Review of Metaphysics 57 (1):43 - 73 (2003)

“THE ONLY THING NECESSARY IS NOT THEORETICAL LEARNING, but the Bildung of human beings, both in regard to their talents and their character.” Kant’s epigrammatic observation in his 1778 letter to Christian Wolke, director of the Philanthropin, adumbrates not only his mature sense of “enlightenment” but also the pedagogical role of his critical philosophy and his own life’s work. Over a decade earlier, his reading of Rousseau’s Emile: or, On Education had “set him straight” about what constitutes the true dignity of humanity, namely, that it did not consist in the advance of knowledge by scholarly inquiry as he had believed. The primary thing was, instead, the “restoration of the rights of humanity,” an objective articulated in Kant’s mature moral thought as that pedagogical method which facilitates the self-consciousness and efficacy of the moral law in the individual. In another 1778 letter, this time to his former student, Marcus Herz, Kant states that the “main purpose of his academic life,” which he “at all times keeps before him,” is to “cultivate good characters.” In both his lectures on anthropology and on pedagogy, Kant repeatedly emphasizes the need for education and, by extension, for attending to the education of the educator. Human beings are nothing save what education makes of them, but they can only be educated by other human beings who must themselves first be educated. As early as his 1775/ 76 anthropology lectures, Kant observes that “if teachers and priests were educated, if the concepts of pure morality would prevail among them, then... the whole could afterwards be educated.” The resulting task is clear: it is incumbent on every generation to work on the plan of a more purposive education,” a task Kant describes as the “greatest and most difficult problem that can be assigned to humankind.”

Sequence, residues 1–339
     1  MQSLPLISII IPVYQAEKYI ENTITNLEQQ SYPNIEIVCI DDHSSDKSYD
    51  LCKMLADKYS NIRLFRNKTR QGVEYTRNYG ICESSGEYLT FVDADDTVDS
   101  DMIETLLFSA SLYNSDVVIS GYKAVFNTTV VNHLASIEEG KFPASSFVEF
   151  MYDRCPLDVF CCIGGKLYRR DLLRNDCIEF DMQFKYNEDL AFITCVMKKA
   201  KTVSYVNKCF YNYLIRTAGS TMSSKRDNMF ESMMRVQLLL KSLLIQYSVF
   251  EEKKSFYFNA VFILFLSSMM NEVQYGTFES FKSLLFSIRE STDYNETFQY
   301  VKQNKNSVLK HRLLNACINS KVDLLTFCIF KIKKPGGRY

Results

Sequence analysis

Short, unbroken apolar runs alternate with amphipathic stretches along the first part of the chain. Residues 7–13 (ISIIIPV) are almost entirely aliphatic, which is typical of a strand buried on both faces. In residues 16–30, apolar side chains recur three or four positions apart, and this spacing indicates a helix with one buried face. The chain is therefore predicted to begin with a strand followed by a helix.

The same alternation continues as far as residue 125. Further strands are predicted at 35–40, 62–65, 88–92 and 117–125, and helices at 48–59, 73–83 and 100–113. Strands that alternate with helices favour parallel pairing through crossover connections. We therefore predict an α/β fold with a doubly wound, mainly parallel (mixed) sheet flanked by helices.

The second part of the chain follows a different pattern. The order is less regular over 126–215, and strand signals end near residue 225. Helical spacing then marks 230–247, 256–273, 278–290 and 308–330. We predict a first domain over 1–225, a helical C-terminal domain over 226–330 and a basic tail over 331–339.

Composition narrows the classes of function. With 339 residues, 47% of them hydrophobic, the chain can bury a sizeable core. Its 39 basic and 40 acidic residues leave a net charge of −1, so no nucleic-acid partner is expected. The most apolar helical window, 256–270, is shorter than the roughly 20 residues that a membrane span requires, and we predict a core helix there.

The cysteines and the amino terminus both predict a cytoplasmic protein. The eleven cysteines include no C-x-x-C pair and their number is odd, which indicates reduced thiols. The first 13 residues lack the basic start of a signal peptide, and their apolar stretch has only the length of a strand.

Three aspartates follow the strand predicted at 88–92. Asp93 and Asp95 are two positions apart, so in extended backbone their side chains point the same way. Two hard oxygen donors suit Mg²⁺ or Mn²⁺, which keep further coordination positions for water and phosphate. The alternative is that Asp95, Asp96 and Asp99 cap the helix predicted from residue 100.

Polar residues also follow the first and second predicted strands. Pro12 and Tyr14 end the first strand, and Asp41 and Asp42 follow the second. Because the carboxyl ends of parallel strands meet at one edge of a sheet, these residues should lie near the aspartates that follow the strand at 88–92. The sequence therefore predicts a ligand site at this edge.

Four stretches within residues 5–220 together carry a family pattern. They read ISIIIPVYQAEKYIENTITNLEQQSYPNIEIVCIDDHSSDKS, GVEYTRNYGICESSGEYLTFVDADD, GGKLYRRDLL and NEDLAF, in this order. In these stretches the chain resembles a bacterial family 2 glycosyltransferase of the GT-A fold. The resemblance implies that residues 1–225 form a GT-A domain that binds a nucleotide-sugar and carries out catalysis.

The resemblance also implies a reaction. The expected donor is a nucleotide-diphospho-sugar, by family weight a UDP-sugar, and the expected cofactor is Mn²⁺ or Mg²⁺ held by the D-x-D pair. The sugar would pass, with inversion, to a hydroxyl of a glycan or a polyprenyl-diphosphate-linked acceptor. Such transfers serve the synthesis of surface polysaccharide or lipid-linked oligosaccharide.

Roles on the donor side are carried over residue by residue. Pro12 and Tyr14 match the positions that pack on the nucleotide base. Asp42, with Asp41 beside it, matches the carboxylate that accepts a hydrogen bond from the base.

Keywords Catholic Tradition  Contemporary Philosophy  General Interest
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ISBN(s) 0034-6632
DOI revmetaph200357179
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Kant and the Discipline of Reason.Brian A. Chance - 2015 - European Journal of Philosophy 23 (1):87-110.
The Role of Feelings in Kant's Account of Moral Education.Alix Cohen - 2016 - Journal of Philosophy of Education 50 (4):511-523.
The Moral Laboratory: On Kant’s Notion of Pedagogy as a Science.Thomas Nawrath - 2010 - Studies in Philosophy and Education 29 (4):365-377.

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